Ephesians 6:10-18 NLT

“But when I am afraid, I will put my trust in you. I praise God for what he has promised. I trust in God, so why should I be afraid? What can mere mortals do to me?”

Psalms 56:3-4 NLT

“Trust in the Lord with all your heart; do not depend on your own understanding. Seek his will in all you do, and he will show you which path to take.”

Proverbs 3:5-6 NLT

“See, God has come to save me. I will trust in him and not be afraid. The Lord God is my strength and my song; he has given me victory.””

Isaiah 12:2 NLT

“So be strong and courageous! Do not be afraid and do not panic before them. For the Lord your God will personally go ahead of you. He will neither fail you nor abandon you.””

Deuteronomy 31:6 NLT

“Be on guard. Stand firm in the faith. Be courageous. Be strong. And do everything with love.”

1 Corinthians 16:13-14 NLT

“So be strong and courageous, all you who put your hope in the Lord!”

Psalms 31:24 NLT

“I know the Lord is always with me. I will not be shaken, for he is right beside me.”

Psalms 16:8 NLT

“Don’t be afraid, for I am with you. Don’t be discouraged, for I am your God. I will strengthen you and help you. I will hold you up with my victorious right hand.”

Isaiah 41:10 NLT

Esther’s story is another of courage in the face of the unknown. Esther stood for her people, despite the potential of great backlash during the time. She was appointed queen, though her heritage was kept a secret. When her people were threatened with death, she approached the king to request that she and her people be spared. This act alone required great courage.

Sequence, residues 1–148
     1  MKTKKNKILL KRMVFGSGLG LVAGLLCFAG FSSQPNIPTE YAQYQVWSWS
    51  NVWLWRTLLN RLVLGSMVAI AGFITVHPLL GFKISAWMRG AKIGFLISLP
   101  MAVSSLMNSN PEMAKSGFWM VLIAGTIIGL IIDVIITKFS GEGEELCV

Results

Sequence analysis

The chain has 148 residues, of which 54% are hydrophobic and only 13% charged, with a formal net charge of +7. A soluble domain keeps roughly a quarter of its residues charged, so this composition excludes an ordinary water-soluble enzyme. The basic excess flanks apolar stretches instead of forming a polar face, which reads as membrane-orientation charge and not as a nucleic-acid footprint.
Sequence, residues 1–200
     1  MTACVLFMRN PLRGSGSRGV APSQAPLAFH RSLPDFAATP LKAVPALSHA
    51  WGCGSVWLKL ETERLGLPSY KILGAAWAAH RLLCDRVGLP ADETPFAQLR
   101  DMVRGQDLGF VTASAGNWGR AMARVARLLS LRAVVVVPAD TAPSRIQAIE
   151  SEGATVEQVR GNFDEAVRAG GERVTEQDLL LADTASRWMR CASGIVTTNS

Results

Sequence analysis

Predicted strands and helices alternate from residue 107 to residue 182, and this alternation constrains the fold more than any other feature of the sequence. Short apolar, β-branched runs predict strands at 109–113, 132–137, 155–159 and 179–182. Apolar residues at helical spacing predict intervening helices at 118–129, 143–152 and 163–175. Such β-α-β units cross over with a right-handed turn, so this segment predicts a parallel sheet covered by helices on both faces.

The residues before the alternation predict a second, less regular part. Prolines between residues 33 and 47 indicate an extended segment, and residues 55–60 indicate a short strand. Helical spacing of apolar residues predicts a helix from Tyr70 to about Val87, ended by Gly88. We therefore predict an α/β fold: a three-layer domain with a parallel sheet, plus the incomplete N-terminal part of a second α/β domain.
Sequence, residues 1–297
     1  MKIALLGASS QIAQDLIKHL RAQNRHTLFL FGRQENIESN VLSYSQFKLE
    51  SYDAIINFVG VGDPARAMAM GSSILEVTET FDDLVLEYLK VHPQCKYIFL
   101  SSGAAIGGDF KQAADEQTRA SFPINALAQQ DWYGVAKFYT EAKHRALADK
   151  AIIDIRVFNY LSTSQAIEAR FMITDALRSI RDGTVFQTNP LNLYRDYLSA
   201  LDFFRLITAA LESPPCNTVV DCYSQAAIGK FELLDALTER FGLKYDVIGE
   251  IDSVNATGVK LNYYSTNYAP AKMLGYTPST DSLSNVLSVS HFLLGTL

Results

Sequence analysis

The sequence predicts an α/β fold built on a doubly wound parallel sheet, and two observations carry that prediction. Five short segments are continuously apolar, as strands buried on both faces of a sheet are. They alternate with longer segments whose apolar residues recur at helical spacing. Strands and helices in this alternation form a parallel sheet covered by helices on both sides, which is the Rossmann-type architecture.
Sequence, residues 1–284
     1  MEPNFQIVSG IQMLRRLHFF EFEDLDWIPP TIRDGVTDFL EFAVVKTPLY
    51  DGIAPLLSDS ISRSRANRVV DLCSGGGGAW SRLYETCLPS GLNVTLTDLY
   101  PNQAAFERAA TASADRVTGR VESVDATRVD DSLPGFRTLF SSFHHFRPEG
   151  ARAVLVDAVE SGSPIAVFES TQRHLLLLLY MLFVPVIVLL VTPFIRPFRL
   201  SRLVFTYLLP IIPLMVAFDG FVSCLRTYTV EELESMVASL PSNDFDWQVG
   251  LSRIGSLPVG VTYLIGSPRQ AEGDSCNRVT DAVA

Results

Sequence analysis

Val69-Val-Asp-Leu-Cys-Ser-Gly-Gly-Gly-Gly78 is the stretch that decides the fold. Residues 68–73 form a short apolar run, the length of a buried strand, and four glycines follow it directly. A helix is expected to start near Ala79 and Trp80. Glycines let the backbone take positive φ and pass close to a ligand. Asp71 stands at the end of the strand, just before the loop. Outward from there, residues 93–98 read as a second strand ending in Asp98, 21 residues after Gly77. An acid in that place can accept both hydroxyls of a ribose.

In such times, the mere act of appearing before the king uninvited could result in death. Yet she found favor with the king and in the end, she was granted the request to save her people. The king even went on to be viewed as “very great among the Jews, who held him in high esteem, because he continued to work for the good of his people and to speak up for the welfare of all their descendants.” (Esther 10:3 NLT). 

Esther’s courage to stand up for her people was quite literally a life-or-death scenario. Esther’s uncle asked her, “If you keep quiet at a time like this, deliverance and relief for the Jews will arise from some other place, but you and your relatives will die. Who knows if perhaps you were made queen for just such a time as this?” (Esther 4:14 NLT). We may not find ourselves in quite the same shoes as Esther did, however, the same question can be posed: What in your life could you have been selected by God for ‘such a time’ to accomplish or pursue? Is there something that God has spoken to you or guided you in the direction of that seems daunting? How can you find the courage to withstand the fear or difficulty ahead?